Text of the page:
Diazepam use on the up among drug users

Wednesday 3rd September, 2008

drug addictionUse of the tranquilliser ‘diazepam’ among drug users is increasing, according to a drug information charity.

DrugScope surveyed 20 UK towns and found in 15 of them that the popularity of diazepam (also known as Valium) is rising among drug users.

Drug users are turning to the tranquilliser as a substitute for heroine and are combining the drug with alcohol and methadone to ease their crack cocaine comedown.

The charity has warned that combining diazepam with other drugs increases the risk of an overdose.

The annual survey took place in 20 towns and cities across the UK questioning 100 drug services and Police forces. Diazepam is currently a Class C drug in the UK and is prescribed by doctors to reduce the symptoms of anxiety and tension.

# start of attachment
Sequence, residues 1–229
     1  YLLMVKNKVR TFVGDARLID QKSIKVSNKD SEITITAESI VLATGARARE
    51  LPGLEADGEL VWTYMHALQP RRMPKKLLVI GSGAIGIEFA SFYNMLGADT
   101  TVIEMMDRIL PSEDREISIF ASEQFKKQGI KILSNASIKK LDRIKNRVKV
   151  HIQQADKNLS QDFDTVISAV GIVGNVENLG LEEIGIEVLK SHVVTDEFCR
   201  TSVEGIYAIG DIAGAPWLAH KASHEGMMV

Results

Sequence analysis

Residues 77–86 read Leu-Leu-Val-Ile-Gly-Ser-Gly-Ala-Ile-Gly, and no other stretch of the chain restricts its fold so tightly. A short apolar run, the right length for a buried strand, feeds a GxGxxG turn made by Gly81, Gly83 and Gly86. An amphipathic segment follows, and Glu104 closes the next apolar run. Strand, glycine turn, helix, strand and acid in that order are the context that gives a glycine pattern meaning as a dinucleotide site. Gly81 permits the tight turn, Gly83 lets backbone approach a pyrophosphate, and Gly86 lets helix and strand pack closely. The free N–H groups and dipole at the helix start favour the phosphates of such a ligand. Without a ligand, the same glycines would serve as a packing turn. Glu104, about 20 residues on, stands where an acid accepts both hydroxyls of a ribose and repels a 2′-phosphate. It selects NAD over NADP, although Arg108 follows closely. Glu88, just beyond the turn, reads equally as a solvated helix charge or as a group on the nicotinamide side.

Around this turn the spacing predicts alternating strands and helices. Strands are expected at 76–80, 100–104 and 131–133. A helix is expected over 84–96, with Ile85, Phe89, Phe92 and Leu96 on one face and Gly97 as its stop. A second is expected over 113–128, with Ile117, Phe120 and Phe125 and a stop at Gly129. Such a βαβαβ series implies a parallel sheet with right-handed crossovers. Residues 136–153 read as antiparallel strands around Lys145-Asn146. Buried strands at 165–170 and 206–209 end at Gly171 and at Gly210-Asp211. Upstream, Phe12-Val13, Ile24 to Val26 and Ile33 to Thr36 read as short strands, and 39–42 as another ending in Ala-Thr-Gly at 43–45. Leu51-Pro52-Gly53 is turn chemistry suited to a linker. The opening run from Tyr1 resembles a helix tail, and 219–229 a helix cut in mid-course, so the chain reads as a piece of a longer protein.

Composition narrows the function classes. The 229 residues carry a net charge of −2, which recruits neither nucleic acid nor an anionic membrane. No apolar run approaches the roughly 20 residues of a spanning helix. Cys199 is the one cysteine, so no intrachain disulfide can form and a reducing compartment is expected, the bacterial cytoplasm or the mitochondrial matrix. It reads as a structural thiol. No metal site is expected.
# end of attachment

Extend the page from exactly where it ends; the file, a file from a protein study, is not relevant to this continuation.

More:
DrugScope discovered that diazepam, known as ‘blues’ or ‘vallies’ is being sold for £1 per 10mg tablet and it’s popularity is though to be down to availability and price against the shortage of quality heroine.

Diazepam is being smuggled in from sources in Europe and also bought over the internet from Asia where the latter contents are likely to be counterfeit, warned the charity.

Over one million people in Britain are addicted to prescribed tranquilisers. Therapies such as counselling, hypnotherapy and Thought Field Therapy can help with addiction.



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